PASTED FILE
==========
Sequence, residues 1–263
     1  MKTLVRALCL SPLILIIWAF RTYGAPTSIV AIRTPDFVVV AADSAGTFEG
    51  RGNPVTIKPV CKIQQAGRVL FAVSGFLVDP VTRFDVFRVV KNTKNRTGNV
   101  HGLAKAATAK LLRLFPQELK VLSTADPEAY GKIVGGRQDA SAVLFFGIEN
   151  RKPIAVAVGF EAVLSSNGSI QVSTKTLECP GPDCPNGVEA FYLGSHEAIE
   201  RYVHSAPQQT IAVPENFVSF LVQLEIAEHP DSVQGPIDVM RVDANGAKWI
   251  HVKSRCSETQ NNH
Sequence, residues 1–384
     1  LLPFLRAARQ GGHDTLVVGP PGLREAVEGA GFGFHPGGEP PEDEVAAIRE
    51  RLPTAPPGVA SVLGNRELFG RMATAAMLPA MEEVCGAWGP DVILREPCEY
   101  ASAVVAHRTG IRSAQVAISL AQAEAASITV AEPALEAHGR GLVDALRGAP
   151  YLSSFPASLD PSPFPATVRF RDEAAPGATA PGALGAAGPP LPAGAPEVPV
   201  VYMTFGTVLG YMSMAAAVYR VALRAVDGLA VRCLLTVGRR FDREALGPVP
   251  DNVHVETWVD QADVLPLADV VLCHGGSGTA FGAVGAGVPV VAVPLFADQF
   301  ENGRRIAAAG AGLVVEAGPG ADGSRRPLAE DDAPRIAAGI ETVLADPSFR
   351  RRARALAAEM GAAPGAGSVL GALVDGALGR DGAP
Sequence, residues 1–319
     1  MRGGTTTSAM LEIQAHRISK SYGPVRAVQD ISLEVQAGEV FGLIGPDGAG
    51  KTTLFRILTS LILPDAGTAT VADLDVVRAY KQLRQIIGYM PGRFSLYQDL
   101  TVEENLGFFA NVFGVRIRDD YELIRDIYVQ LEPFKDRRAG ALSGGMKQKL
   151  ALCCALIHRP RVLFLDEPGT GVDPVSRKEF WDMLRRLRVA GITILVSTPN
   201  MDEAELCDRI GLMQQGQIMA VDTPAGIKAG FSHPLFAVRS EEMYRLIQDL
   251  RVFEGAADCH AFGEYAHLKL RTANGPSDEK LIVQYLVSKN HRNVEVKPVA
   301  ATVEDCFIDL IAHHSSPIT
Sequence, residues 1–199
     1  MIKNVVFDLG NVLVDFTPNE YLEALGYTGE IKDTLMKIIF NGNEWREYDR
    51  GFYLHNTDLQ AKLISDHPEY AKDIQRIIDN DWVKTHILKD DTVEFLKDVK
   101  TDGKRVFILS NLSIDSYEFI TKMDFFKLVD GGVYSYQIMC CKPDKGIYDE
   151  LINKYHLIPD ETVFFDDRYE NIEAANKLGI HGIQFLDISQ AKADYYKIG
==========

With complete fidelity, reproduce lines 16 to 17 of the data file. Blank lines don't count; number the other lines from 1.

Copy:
   351  RRARALAAEM GAAPGAGSVL GALVDGALGR DGAP
Sequence, residues 1–319